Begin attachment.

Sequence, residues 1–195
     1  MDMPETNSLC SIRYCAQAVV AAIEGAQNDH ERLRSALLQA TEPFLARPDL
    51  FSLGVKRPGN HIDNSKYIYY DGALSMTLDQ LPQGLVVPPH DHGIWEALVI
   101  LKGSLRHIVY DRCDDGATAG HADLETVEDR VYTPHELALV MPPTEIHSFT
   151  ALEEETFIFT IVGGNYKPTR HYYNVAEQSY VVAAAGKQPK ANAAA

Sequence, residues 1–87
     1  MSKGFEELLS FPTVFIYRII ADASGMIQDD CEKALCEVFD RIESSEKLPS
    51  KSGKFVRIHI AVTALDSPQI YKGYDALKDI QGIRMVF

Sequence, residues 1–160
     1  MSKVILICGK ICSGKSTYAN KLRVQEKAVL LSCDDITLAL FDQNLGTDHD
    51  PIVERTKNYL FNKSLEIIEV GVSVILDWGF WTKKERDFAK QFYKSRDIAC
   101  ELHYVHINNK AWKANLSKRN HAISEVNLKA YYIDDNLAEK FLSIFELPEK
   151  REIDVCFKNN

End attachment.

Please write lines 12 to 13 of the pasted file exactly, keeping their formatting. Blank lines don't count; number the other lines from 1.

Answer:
   101  ELHYVHINNK AWKANLSKRN HAISEVNLKA YYIDDNLAEK FLSIFELPEK
   151  REIDVCFKNN